Joined: 30 Sep 2005
Location: Edinburgh, Scotland
|Posted: Fri Oct 27, 2017 11:12 pm Post subject: Catalan Independence
Before examining the contemporary movement for Catalan independence and the historic vote of the Catalan parliament for independence today I feel its important to have a sense of the unique historical background of Catalonia. So I propose to summarise keys events in Catalan history leading up to recent developments.
The first mention of Catalonia dates back to the 12th century AD. As part of the Kingdom of Aragon, from the 12th to 15th century Catalonia kept its own traditional rights and parliament, the Corts catalanes.
1469 - Ferdinand I of Aragon and Queen Isabella of Castile marry, creating a dynastic union of their kingdoms and laying the foundations of the Kingdom of Spain. Catalonia becomes absorbed into the new Kingdom.
1640-52 - The Reapers' War - Catalonia revolts against the taxation policies of Philip IV of Spain, is briefly declared a republic under French protection before being reoccupied by Spanish troops.
1705-14 - War of the Spanish Succession. Catalonia's support for rival claimant to the Spanish throne, Archduke Charles of Austria, of the House of Habsburg, against King Philip V, from the House of Bourbon, results in the suppression of its parliament and traditional liberties upon the latter's victory.
1716 - The Nueva Planta decree dismantles the separate Catalan legal system, brings Catalonia under direct rule from Madrid and abolishes the administrative use of the Catalan language.
1901 - Formation of the Catalan nationalist Regionalist League.
1913 - The four provinces of Catalonia are given limited joint self-government in the Commonwealth of Catalonia under the leadership of Enric Prat de la Riba.
1925 - The Commonwealth is suppressed during the dictatorship of Spanish Prime Minister Miguel Primo de Rivera.
1931 - Spain becomes a republic; an autonomous Catalan regional government, the Generalitat, is created under the leadership of the Revolutionary Left of Catalonia.
1936 - Insurrection of Spanish nationalist troops led by Gen Francisco Franco sparks the Spanish Civil War. Catalonia remains loyal to the Republic, with both the Generalitat's regular forces and popular militias fighting on its side.
1938-9 - Franco's forces overrun Catalonia, paving the way for the collapse of Republican resistance elsewhere in Spain.
1939-75 - Franco dictatorship; suppression of political opposition as well as Catalan autonomy, language and culture. Thousands of Catalan activists are executed or go into exile.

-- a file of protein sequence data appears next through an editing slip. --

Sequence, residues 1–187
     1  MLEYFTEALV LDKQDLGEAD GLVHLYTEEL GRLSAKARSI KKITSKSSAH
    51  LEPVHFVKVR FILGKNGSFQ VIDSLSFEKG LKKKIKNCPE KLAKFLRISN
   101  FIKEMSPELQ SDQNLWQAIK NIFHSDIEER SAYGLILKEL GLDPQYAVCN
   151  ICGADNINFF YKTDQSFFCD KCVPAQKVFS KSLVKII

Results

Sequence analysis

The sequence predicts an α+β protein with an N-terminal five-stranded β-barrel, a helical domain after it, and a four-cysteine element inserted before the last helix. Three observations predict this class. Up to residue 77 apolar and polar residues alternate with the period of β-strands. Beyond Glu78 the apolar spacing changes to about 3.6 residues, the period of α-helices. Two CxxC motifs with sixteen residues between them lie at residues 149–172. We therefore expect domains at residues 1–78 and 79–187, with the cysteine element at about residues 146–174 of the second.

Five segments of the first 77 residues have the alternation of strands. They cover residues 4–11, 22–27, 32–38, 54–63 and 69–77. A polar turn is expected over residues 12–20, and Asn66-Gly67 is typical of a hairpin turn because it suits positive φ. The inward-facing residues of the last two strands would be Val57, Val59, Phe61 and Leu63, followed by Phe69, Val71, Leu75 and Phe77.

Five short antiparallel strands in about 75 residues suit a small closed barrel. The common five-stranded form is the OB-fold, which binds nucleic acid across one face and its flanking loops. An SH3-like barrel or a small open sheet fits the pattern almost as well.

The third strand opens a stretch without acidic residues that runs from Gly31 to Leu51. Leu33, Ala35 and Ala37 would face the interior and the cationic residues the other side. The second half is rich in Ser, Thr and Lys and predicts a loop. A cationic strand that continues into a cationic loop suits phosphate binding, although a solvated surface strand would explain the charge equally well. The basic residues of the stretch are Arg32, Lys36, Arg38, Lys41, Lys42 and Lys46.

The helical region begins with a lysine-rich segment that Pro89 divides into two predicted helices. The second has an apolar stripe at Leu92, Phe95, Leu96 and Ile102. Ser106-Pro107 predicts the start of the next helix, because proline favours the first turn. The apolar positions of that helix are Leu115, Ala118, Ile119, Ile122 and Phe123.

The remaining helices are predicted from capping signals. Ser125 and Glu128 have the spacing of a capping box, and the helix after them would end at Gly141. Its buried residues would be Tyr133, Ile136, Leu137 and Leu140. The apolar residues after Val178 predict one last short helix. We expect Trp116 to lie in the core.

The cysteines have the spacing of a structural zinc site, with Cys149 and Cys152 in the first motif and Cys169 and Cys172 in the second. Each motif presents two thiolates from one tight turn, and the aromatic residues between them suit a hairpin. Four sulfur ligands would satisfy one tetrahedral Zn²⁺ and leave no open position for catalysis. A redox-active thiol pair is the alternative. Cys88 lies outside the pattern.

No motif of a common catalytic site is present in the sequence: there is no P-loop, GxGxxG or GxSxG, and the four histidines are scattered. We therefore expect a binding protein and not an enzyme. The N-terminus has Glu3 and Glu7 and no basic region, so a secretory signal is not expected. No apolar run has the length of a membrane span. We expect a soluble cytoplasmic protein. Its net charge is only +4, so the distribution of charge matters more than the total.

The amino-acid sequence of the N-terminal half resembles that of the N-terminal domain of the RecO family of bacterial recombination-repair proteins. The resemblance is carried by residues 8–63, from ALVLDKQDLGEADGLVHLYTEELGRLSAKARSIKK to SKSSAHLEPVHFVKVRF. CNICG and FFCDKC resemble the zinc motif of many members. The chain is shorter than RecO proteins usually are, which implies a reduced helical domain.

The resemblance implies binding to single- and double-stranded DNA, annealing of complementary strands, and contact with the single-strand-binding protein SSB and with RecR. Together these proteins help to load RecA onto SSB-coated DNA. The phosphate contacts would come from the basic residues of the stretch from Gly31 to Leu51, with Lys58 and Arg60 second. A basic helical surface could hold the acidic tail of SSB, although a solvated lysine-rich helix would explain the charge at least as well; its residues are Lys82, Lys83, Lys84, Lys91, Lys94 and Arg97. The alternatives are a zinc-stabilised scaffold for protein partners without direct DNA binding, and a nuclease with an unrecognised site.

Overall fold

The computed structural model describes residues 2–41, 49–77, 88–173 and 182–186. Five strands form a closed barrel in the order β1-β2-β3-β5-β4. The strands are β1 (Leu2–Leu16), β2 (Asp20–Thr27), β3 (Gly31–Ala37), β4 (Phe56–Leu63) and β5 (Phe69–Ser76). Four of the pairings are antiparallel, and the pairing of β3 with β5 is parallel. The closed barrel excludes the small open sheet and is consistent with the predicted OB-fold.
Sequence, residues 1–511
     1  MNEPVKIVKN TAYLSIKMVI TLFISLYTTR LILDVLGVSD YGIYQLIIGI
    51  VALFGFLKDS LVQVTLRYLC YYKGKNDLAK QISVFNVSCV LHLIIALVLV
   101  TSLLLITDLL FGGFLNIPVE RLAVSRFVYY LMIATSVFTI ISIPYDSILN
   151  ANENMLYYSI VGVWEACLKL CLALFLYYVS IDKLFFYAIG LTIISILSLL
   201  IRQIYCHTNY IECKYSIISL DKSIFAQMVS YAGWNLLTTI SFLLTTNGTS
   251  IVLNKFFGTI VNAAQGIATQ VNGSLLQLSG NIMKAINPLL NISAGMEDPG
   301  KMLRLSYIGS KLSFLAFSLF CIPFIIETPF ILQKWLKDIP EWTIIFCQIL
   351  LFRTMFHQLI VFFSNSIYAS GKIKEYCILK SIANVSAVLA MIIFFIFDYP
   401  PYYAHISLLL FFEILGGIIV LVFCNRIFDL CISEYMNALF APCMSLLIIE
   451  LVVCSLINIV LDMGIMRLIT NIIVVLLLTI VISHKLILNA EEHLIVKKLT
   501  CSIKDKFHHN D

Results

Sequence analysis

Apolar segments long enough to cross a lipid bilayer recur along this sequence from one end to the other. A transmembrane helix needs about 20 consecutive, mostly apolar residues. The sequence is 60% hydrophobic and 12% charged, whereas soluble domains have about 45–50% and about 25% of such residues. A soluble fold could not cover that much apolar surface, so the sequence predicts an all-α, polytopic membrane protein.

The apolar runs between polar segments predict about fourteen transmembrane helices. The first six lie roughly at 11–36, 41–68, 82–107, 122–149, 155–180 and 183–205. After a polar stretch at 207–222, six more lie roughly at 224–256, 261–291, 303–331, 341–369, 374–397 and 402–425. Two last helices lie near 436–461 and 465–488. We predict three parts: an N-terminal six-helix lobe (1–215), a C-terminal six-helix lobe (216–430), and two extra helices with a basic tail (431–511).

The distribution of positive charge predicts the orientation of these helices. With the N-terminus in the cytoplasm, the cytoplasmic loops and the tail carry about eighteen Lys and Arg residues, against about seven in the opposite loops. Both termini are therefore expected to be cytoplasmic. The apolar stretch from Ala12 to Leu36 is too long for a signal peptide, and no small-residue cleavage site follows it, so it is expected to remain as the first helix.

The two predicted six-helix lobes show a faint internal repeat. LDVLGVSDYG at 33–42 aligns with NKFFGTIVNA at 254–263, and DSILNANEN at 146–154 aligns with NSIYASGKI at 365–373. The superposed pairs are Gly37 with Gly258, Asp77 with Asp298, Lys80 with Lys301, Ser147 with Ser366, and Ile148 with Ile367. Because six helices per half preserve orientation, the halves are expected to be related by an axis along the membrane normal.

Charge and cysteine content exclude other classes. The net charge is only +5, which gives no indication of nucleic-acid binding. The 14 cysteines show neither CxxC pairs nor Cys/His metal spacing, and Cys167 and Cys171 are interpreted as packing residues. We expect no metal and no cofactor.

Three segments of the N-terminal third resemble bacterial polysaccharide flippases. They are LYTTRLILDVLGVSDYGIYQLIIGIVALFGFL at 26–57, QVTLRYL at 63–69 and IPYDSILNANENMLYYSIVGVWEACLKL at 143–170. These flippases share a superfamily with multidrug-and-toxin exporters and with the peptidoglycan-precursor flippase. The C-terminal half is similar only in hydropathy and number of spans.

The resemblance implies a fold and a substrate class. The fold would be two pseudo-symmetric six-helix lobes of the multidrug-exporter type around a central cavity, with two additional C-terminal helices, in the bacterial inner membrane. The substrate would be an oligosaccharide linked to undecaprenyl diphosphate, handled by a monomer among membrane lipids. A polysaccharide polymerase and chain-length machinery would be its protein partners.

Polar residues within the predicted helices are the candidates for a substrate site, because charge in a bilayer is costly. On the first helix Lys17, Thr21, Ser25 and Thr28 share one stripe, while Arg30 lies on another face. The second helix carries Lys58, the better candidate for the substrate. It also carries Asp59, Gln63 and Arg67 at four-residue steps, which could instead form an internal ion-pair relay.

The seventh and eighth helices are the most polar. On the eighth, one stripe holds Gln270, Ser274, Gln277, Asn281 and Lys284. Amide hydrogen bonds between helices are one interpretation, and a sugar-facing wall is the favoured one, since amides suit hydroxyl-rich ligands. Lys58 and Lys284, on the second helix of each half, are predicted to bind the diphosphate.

1975 - Death of Franco sets in train a process of democratisation under the new king, Juan Carlos.
1977 - Restoration of a provisional regional government, again named the Generalitat, under the leadership of Josep Tarradellas.
1978 - New democratic Spanish Constitution recognises existence of distinct national communities within Spain, start of the process of regionalisation.
1979 - Catalonia given a statute of autonomy and recognised as a "nationality". Catalan become the joint official language of Catalonia with Spanish.
1980 - Centre-right moderate nationalist Convergence and Union wins first elections to the new regional parliament. Its leader, Jordi Pujol, becomes the first president of the new regional government.
2006 August - A reformed version of Catalonia's autonomy statute comes into force, giving the regional government greater powers and financial autonomy. Its preamble also uses the word "nation" to describe Catalonia.
2010 July - Constitutional Court in Madrid strikes down part of the 2006 autonomy statute, ruling that there is no legal basis for recognising Catalonia as a nation within Spain and that Catalan should not take precedence over Castilian in the region. The decision is criticised by the regional government.
Regional parliament votes to ban bullfighting, making Catalonia the first region of mainland Spain to do so.
2012 September - Some 1.5m people take part in Catalonia's annual independence rally in Barcelona, amid growing Catalan anger at financial transfer from the region to the rest of Spain.
Spanish Prime Minister Mariano Rajoy rebuffs a call by regional leader Artur Mas for greater fiscal independence.
2012 December - Regional head Artur Mas is re-elected after his Convergence and Union signs a governing pact with the left-wing ERC. Both parties support holding a referendum on secession from Spain in 2014.